The Sneaky and deadly reverse pivot
Sounds serious doesn't it? And that's because it is. A reverse pivot can sneak right into your swing and wreak havoc on your golf game.
It is often overlooked, but can actually be the root cause of so many other swing flaws that people waste their time trying to fix.
85% of golfers slice the ball. Guess what can lead to a slice – a reverse pivot. Millions of golfers from beginners to high handicappers top and chunk the ball.
What's one of the most common causes? You guessed it – a reverse pivot. Some more skilled players push and pull the ball. Gee, I wonder what could cause this?
Yep. A reverse pivot. You get my point. It's everywhere.
What the reverse pivot causes
Let's take a look first at probably one of the most common and annoying misses in golf – the slice.
As I stated 85% of golfers slice so I'm assuming a lot of you reading are in that category and would like some help correcting it.
A slice isn't always a terrible thing if you can play it and control it and if you are a long hitter.
For most golfers though, a slice robs them of distance they are easily capable of attaining and makes it really hard for them to keep their ball in play.
There are many shots that can go to the right from blocks to pushes to slices. Some are path oriented where a player is simply swinging to the right (too inside/out), most are due to an open clubface and some are due to a combination of path and face.
Common causes are a weak grip, lack of forearm rotation, poor alignment (left or right) and swing plane issues.
A true slice however is a ball that starts left of your target (for right handed players) and then curves dramatically back to the right.
This is caused by an outside/in swing path coupled with an open face. So it would be easy to jump right in and start correcting your path and face issues and this is where most instruction goes wrong.
The dog wags the tail
Good instruction will always get to the root of the problem. What is happening first? In the golf swing the inside moves the outside.
This means that whatever your core is doing, is causing your arms and club to do whatever they are doing. This is why understanding the reverse pivot is so important.
There are 3 reverse pivots in the golf swing:
1. A player's lower body slides towards the target upon takeaway (lower body reverse)
2. A players hips slide to the right upon takeaway and this causes the upper body to tilt back towards the target(upper body reverse)
3. A player falls back onto their rear side as they swing down (lower body reverse)
Number 2 is very common and often the cause of your slice. Here's how. As your lower body slides away from the target in the takeaway, your upper spine then tilts back towards the target.
This sets your rear side up high. Your rear shoulder and hip are then higher than your target side hip and shoulder.
As you start down, your rear shoulder will then move out and over the top of the swing plane, rather than dropping down plane.
The swing becomes upper body dominated at the start while the hips lie dormant. The inside is now controlling the outside so the result is an oustide/in pass at the ball with your arms.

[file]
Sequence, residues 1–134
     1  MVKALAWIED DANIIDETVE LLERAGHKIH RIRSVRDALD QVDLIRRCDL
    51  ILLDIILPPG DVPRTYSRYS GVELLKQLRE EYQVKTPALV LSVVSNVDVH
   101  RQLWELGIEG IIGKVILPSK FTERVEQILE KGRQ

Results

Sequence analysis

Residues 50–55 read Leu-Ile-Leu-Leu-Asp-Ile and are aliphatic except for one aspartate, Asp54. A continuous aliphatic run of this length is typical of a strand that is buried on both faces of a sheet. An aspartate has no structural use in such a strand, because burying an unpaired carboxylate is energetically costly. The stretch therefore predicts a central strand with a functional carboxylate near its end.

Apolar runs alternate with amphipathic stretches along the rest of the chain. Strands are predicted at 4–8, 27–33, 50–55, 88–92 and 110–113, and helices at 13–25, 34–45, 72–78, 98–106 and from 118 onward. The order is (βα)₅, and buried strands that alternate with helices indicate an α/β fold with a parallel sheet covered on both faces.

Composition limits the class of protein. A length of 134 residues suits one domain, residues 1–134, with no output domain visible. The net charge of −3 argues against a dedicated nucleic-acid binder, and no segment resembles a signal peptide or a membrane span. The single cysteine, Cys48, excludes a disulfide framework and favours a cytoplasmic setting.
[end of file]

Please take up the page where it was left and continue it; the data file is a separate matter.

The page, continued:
If your clubface is open you will impart a good amount of cut or slice spin on the ball. If your clubface gets closed at impact then you will pull the ball.
This video reveals more:
3 Ways to correct your reverse pivot
The important takeaway here is to learn that you must properly load your spine a bit away from the target at the top of the swing so your rear shoulder can drop down on plane. Your arms and club will follow.
1. Practice hitting off your back foot only. Place your front foot on the toe for a little balance, but so it won't bear weight and drop it back a bit so you are basically standing only on your rear leg.
Should you try to lean back towards the target with your upper spine at the top of the swing you will fall and be forced to place your front foot down on the ground for balance.
Once you get to the point where you are able to balance on your rear foot and stay stable as you swing, you most likely aren't reverse pivoting any more.
2. Elevate your front foot. This has the same affect as standing on one foot, but helps those with poor balance and also helps get the correct hip alignment at address (front hip higher than rear hip).
Simply put a range basket or milk crate (more stable) under your front foot and tee up the ball. Practice hitting balls keeping your non target side lower than your hip and shoulder that are nearest the target.
3. Use a physio or stability ball. Placing a large ball between your legs will help stabilize your lower body during the backswing and prevent the hip slide away from the target which starts the reverse pivot process.
Focus on keeping your legs completely stable while loading your upper body back away from the target. Feel that your target side shoulder passes your target side knee.
Whether your reverse pivot is causing you the common slice or a slew of other swing errors, understanding that your core controls your arms and club is an important step in making a correction.
If you have a traditional lower body slide/upper body tilt backwards reverse pivot hopefully the 3 drills listed above will put you well on your way to a better swing!
Maria Palozola is a Top 50 Instructor with the LPGA and is also ranked by Golf Digest as a Top 5 instructor in the state of Missouri. She gives local lessons in St. Louis, MO at http://www.stlouisgolflessons.com and is the Co Founder and instructor for http://www.mygolfinstructor.com.
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